Nigeria has approved provisionally the R21/MatrixM malaria vaccine developed at the University of Oxford. This comes less than one week after Ghana was the first to approve this vaccine.
Mojisola Adeyeye is the Director-General of the National Agency for Food and Drug Administration and Control (NAFDAC). She said that the agency was "approving registration for R21 malaria vaccination". The vaccine, Adeyeye added, "is indicated for the prevention of clinical malaria in children between the ages of five months and 36 months." The vaccine should be stored between 2-8 degrees Celsius.
The National Primary Health Care Development Agency and the Ministry of Health will conduct appropriate immunization tests before the approval is granted. The NAFDAC stated that "a provisional approval for the R21 malaria vaccination was recommended. This shall be done according to the WHO's guideline on malaria vaccine implementation."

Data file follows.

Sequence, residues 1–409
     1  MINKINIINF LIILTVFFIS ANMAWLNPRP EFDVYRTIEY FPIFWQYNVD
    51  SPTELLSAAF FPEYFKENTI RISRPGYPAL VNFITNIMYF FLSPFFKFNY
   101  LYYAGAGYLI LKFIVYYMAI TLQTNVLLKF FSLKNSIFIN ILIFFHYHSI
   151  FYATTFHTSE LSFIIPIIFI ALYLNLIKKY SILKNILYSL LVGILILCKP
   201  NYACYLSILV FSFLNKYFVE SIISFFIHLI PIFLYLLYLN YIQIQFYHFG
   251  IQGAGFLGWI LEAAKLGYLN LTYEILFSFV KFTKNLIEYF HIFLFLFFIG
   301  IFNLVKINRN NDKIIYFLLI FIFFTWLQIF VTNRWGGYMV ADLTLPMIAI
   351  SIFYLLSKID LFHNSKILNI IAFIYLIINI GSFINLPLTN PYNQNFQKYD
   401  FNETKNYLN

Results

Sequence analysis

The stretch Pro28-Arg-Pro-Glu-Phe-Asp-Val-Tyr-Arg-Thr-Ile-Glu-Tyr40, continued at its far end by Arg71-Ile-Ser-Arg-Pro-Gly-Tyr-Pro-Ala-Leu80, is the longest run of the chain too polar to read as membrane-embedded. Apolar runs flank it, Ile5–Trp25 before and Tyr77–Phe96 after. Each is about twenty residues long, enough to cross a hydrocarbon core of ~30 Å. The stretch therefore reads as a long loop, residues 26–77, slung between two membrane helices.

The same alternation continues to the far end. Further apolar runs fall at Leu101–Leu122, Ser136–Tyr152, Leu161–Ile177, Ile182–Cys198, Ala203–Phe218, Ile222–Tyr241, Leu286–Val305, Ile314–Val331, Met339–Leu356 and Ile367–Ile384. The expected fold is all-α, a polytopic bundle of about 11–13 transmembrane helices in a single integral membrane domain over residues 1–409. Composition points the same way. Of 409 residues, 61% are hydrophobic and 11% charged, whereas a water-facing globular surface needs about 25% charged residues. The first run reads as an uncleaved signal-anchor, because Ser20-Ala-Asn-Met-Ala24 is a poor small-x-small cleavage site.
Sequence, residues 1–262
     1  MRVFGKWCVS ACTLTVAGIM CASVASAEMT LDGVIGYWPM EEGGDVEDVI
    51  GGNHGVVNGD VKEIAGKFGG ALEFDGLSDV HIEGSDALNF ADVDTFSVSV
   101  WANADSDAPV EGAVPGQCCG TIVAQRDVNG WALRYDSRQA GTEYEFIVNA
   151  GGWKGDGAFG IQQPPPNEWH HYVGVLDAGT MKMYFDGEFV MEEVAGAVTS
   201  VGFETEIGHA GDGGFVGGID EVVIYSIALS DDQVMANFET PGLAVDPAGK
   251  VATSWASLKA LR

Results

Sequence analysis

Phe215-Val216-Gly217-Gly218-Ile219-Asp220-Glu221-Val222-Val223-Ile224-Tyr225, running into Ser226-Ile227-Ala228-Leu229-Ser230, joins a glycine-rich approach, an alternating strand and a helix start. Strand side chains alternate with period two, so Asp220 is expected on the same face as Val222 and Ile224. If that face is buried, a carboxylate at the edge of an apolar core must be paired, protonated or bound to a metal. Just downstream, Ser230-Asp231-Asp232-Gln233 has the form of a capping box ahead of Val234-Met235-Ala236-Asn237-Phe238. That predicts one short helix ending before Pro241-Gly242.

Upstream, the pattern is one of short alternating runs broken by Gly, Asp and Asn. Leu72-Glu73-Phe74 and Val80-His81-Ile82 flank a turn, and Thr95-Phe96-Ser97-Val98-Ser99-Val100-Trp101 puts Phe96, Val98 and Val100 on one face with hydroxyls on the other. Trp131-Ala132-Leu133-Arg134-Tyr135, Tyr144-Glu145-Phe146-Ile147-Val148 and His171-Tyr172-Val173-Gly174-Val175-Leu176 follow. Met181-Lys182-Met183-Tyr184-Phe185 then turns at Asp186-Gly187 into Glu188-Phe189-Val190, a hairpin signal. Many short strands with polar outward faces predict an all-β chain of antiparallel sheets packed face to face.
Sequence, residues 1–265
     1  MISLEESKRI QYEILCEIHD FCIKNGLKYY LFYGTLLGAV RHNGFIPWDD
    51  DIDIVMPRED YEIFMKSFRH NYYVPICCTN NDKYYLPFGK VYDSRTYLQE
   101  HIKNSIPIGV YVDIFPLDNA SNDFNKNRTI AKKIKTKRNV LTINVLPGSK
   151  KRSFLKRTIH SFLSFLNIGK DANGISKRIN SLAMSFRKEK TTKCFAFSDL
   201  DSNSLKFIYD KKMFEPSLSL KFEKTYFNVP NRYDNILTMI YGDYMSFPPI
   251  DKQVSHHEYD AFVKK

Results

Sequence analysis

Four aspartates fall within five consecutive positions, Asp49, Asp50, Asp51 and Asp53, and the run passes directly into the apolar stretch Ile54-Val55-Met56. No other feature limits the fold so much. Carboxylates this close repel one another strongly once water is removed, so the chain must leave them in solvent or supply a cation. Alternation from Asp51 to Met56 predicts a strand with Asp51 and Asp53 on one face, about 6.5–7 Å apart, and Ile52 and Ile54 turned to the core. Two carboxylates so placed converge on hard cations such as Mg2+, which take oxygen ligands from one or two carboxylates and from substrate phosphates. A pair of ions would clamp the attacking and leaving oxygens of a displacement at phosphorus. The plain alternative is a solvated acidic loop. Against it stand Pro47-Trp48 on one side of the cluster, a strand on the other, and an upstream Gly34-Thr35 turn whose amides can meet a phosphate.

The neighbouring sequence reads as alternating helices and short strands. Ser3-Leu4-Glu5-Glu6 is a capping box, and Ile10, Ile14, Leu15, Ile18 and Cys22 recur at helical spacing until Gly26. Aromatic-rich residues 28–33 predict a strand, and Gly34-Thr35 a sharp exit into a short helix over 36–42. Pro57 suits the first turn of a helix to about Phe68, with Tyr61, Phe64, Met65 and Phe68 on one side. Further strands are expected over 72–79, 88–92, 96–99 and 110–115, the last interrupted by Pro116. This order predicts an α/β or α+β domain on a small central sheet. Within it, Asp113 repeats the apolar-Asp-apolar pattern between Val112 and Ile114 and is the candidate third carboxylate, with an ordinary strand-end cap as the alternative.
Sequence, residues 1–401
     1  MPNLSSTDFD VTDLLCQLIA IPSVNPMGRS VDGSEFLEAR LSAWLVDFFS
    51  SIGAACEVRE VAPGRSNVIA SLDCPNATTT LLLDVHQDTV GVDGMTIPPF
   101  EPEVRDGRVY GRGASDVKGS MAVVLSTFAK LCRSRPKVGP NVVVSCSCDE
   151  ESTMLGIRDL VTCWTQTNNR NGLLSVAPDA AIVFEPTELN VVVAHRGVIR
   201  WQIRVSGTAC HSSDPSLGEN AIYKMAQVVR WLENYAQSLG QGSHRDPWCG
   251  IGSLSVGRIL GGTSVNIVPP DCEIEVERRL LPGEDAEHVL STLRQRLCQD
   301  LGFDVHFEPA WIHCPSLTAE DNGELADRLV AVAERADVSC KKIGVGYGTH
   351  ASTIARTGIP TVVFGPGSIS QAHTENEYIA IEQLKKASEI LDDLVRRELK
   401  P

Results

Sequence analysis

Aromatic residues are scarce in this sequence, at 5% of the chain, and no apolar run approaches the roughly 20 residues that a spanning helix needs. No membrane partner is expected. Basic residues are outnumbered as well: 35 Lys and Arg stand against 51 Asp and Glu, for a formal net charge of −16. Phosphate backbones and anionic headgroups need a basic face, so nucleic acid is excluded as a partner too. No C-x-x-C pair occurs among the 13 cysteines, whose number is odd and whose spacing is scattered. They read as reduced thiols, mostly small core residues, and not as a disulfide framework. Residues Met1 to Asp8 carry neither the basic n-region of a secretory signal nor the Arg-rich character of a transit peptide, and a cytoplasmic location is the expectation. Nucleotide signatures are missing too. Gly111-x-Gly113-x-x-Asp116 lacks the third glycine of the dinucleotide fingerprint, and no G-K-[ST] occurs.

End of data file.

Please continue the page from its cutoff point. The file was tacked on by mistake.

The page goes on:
Adeyeye said that despite the approval of the vaccine, more clinical trials in Nigeria are still needed. The vaccine showed efficacy levels exceeding 77%. This is higher than the WHO threshold of 75%.
The results of a phase 3 clinical study involving 4,800 Burkina Faso children, Kenyans, Malians, and Tanzanians is still pending publication.
The results of Phase 2 data published in September showed promising results.
According to the WHO report for 2021 (pdf), Africa's largest nation is also the most affected by malaria. It accounts for 32% global deaths. Every year, the country reports 95,000 deaths from malaria among children under the age of five. This is largely because the treatment costs are so high.
The disease is estimated to cost Nigeria, Africa's largest economy, $1.1 billion per year.